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Keeping Their Bottoms Shapely and Attractive: Shape-Up Sneakers Target Young Girls--An Editorial

By HERWriter Guide
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It has been an interesting year or two for girls’ fashions. First we had little girls’ underwear with words like “eye candy” printed on the crotch, sweatpants with “Juicy” and “Sexy” on the backside and padded bikini tops for 7-year-olds.
The new rage is Sketcher Shape-Ups for little girls. These Shape-Ups have become famous for their commercials promising lean legs and perky butts for women who wear them. The commercials focus on the backsides of women, as they shake their bottoms wearing skimpy underwear or bikinis. In fact, we often don’t even see a face or any other kind of body part – simply a close up of a scantily clad butt, shaking and shimmying in our faces. What the heck – we’re grown women. We can choose to buy into the hype, or not.

But Shape-Ups are now targeting young girls, with the same emphasis – getting into shape. While the focus isn't on their backsides – it’s pretty obvious if the same sneaker is targeted at a woman’s rear end, then the same thing is going on for her daughter. The commercials feature tall, slim little girls in their butt-shaping sneakers, running from boys who are dressed up as tempting foods like hot dogs.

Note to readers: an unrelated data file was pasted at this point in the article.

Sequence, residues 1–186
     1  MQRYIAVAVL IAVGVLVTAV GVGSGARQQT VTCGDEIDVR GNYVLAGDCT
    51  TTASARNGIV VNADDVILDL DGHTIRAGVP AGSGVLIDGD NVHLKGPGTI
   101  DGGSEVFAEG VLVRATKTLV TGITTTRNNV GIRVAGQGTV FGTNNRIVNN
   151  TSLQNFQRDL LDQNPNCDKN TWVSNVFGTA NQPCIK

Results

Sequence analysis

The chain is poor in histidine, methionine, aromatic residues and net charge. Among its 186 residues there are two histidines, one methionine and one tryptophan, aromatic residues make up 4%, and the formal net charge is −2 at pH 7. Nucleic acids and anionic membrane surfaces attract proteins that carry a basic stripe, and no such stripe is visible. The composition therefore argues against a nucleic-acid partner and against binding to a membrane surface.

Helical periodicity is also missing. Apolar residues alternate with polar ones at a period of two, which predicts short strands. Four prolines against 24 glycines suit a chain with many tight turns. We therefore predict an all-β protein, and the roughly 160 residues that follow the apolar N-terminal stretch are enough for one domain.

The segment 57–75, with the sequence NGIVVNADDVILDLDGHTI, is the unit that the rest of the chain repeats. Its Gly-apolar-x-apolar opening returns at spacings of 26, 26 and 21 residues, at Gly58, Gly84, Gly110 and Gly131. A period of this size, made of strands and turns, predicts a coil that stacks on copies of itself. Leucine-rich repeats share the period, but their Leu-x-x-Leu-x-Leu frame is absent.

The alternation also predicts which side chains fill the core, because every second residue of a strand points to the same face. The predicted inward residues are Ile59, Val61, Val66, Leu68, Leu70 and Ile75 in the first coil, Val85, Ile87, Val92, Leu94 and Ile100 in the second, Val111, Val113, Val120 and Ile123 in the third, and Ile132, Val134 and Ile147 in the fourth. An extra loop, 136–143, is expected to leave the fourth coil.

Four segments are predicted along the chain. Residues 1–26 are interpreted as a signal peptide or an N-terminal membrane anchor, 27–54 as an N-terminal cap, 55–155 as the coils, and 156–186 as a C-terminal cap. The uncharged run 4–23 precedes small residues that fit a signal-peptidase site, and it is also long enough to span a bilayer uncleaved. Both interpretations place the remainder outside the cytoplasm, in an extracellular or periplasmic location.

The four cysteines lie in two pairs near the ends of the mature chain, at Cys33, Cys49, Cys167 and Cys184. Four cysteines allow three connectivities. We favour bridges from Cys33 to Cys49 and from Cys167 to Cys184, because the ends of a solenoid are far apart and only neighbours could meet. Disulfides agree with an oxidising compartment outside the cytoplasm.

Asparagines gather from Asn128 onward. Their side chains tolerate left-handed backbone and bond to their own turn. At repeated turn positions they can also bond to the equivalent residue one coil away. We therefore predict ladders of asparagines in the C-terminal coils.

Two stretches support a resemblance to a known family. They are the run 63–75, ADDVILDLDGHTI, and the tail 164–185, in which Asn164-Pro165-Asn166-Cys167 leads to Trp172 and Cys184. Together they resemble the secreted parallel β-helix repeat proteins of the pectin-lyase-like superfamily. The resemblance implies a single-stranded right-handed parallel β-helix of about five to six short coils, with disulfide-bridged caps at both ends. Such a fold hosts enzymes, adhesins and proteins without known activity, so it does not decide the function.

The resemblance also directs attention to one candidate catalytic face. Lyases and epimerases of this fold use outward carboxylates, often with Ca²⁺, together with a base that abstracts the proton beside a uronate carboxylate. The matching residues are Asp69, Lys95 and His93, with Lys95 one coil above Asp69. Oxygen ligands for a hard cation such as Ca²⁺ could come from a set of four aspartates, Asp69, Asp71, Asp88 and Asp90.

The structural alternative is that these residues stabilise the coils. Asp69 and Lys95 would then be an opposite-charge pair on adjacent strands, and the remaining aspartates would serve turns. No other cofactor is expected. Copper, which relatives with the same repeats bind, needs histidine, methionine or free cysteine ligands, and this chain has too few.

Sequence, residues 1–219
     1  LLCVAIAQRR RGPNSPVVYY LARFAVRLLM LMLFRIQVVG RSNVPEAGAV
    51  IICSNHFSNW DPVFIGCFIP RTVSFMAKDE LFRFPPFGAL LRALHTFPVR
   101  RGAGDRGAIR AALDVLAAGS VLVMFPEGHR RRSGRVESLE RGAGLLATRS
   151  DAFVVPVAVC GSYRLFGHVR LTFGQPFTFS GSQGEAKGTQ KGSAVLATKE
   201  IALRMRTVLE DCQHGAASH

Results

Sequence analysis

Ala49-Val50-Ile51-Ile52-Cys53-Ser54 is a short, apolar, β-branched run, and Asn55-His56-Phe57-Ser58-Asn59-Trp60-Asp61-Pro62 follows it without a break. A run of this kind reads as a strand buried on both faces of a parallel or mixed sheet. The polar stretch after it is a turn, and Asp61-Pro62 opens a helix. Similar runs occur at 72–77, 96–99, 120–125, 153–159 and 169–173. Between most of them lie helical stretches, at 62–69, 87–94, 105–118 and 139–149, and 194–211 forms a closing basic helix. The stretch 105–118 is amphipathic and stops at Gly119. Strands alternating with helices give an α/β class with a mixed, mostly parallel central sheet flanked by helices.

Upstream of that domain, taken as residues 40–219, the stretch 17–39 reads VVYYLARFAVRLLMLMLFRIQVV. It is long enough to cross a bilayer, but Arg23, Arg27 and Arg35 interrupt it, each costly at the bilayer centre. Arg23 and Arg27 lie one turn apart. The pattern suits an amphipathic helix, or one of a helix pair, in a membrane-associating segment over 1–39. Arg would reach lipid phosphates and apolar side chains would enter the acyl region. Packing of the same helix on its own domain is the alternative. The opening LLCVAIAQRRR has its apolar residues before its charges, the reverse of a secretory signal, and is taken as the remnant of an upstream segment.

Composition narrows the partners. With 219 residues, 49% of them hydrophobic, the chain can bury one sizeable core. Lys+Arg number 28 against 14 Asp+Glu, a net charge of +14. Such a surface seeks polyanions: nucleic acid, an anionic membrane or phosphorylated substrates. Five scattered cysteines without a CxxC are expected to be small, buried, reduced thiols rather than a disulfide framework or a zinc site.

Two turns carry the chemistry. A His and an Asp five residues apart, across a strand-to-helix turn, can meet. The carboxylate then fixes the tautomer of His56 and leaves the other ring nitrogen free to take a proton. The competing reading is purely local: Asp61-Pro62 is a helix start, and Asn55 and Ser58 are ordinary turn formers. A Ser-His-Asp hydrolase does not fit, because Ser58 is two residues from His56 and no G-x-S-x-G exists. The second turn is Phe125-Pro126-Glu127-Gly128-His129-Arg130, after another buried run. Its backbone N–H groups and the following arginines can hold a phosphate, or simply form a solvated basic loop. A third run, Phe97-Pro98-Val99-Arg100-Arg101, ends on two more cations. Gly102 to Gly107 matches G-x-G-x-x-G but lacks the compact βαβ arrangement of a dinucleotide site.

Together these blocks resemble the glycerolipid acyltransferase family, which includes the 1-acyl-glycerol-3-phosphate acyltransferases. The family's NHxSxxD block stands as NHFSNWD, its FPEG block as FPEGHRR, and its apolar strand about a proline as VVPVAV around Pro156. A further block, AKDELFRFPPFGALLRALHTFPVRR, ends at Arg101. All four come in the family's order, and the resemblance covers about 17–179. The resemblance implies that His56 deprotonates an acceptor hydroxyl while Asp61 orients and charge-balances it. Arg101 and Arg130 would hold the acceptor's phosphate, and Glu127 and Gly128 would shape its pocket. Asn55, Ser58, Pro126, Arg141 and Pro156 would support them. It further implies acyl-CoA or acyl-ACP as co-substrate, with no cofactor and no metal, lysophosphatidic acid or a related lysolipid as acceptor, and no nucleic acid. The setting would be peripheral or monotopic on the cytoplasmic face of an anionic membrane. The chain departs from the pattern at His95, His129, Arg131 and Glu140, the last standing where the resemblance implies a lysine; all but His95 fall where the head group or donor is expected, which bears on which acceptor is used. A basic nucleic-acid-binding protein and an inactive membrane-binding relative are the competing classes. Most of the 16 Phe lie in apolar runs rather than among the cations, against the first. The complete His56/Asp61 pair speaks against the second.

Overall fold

The positive message is to eat healthy foods and exercise. That’s a good thing, in a country where a third of our children are overweight and puberty is hitting 8-year-old girls due to a combination of hormones in our food, and the girls being so overweight that their estrogen levels are raised high enough to start body development that would ordinarily be a few more years off. Too many of us kid ourselves by referring to our overweight children as having “puppy” or “baby fat” when in fact it’s just plain old fat from over-eating and living a sedentary lifestyle.

But the other message--the one that tells girls that the shape of their legs and bottoms matters--is yet another way to let little girls know that their lack of breasts can be faked with padded bras, that their underwear needs provocative words and that their bottoms need to “shape up” and look as perky as possible. Forget math and science, it's all about their looks. And for whom do they work so hard to shape up? Themselves, or boys their age?

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We value and respect our HERWriters' experiences, but everyone is different. Many of our writers are speaking from personal experience, and what's worked for them may not work for you. Their articles are not a substitute for medical advice, although we hope you can gain knowledge from their insight.

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